This letter was written by Rev. Giles Doolittle (1794-1842), the son of Eliasaph Doolittle (1748-1817) and Mabel Potter (1752-1814) of New Haven, Connecticut. Rev. Doolittle married (1st) Bethany Brooks in 1823. After her death, he married (2nd) Electa Upham. Rev. Doolittle’s first-born child, Isaac Giles Doolittle, is mentioned in this letter.
This letter was written a couple of years after Doolittle graduated from Hamilton College and just prior to moving to Chautaugua County, New York, where he served as the minister of both the First Presbyterian Church (FPC) in Ripley, NY, and the FPC in North East, PA. He was paid 1/2 the time at a salary of $200 (payable half in cash, half in grain at cash price). The towns were about 10 miles apart.
Addressed to Mr. Apollos Warner, Post Master, Plymouth, Litchfield County, Connecticut
Westmoreland, New York
August 19, 1824
After so long a time I find I have in my possession the means of liquidating some of my debts. I accordingly transmit to you 28 dollars aware that it does not fully satisfy the amount of the note you hold against me but being all I can conveniently enclose in this letter. If you will make the proper account of this before Mr. Hart or Tertius Potter, I will endeavor to make up the remainder when you make the tour of the grand canal & visit us on the fertile shores of Lake Erie, Hither at present our destination appears to be. We are making preparations for the journey as fast as possible, & shall commence as soon as the necessary arrangements are made.
I am at present under obligation to preach as a candidate for settlement to the united societies of Ripleyin this state & North East in Pennsylvania. A great proportion of this country is new. Inhabitants are moving in fast. Generally speaking they are poor. They may perhaps comfortably maintain a poor preacher — especially if he be one who thinks more of the promise of divine support, than of the stipulations of a precious man.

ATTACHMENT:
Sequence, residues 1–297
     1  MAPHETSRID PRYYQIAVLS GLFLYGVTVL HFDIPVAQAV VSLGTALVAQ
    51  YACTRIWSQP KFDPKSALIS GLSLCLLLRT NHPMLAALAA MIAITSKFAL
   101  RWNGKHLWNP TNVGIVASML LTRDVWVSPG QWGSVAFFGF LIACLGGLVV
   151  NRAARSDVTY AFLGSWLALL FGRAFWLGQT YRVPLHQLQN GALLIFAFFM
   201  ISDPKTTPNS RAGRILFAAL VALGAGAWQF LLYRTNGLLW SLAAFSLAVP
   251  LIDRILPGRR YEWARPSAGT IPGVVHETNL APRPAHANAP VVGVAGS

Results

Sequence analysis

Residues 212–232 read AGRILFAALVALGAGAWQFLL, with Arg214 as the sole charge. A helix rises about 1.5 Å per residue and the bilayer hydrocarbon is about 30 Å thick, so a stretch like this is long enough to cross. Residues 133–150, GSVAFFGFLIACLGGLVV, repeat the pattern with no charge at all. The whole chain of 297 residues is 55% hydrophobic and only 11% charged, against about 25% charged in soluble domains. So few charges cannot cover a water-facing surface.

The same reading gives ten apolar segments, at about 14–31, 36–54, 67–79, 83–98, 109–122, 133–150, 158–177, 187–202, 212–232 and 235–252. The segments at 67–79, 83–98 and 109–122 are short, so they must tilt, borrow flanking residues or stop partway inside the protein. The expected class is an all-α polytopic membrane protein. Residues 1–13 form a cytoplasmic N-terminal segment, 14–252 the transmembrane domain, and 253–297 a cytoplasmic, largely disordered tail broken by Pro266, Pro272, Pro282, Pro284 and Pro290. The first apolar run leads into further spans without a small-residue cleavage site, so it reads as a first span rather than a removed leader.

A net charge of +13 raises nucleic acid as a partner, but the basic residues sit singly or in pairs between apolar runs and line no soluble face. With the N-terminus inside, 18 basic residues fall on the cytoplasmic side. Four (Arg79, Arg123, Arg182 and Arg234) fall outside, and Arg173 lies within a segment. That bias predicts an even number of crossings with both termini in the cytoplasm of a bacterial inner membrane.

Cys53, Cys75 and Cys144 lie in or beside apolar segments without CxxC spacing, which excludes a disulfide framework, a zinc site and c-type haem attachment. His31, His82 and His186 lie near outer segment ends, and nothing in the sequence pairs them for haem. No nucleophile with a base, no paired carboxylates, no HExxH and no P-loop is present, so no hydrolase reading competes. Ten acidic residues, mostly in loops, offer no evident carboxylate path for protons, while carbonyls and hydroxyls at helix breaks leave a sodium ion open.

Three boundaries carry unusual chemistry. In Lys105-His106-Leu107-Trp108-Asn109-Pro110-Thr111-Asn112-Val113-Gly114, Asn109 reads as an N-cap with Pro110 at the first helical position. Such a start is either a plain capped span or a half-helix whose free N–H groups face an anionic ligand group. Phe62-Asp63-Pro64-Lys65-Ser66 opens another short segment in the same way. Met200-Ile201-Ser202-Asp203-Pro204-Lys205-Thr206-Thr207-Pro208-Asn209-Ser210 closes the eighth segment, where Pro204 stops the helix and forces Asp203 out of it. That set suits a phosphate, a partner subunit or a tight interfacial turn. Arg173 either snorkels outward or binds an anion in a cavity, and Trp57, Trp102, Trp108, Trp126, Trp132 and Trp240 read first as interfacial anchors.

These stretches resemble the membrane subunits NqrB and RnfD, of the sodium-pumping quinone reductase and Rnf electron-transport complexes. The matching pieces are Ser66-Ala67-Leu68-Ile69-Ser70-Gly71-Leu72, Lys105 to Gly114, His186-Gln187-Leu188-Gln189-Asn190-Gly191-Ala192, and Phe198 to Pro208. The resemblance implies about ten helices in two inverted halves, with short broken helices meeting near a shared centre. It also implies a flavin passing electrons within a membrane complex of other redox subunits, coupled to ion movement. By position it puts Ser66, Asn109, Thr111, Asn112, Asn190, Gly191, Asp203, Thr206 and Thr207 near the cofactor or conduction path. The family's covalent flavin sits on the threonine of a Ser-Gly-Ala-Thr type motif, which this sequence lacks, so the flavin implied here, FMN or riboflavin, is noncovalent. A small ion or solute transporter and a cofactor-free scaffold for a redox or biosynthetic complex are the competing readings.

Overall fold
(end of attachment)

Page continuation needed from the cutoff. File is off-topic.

They will probably in each society raise $100 in cash & as much more in produce. All this will undoubtedly be necessary to support a little family, But the minister of the gospel, while the conversion of souls is his great object, so it is also his great reward. Yes, that minister who has souls given him as the reward of his labor can afford to live poor as it respects what he shall east & what he shall drink. For he has in possession treasures which the light of eternity will show to be of inconceivable value. It is true ministers of the gospel are men, & being possessed of like passions with other men, their conduct is often influenced by the same motives. I acknowledge that the prospect of a pleasant & growing country as its full share of influence on my mind. But because thou who profess to be actuated by a spirit of good will to man are not always actuated by right motives, does not prove that the spirit of the gospel is not a spirit of genuine philanthropy.
The spirit of the gospel, which once sounded in angelic strains Glory to God & good will to man, does exhibit a nobleness of character, before which what this world calls great & noble vanishes/ The glory which Alexander or Caeser or Bonaparte sought was not the glory of God. Nor does the train of war & conquest & desolation which threw around them the glare of false grandeur, speak the language of good will to man. There — an immense distinction between the aspirings of worldly ambition & the glory of moral enterprise. The one has for its object — its sole object — the empty bauble, vanity. While the other has for its object the present plan & the everlasting good of our fellow mortals. And I think it cannot be a matter of hesitation in the mind of any rational man to decide which, in the light of the judgment, shall appear to have been best conformed to the requisition our Maker & judge.
I do not expect soon to see Connecticut again. The kindness of my friends there I think will be long remembered. May they never forget that love to God & man — constantly calling upon them for deeds of kindness — never be weary in well doing, for sure I am, that in supplying the wants of one fellow pilgrim, they do not prevent the necessity of aiding another.
Our friends here are well. They were comfortably well at Camden last week. Brother Eliasaph has an infant daughter. A____ I think will tell his own story in due time. Mrs. Doolittle & our babe, Isaac G., are well. Our respects to Mrs. Warner, the children, & all friends.
— G. Doolittle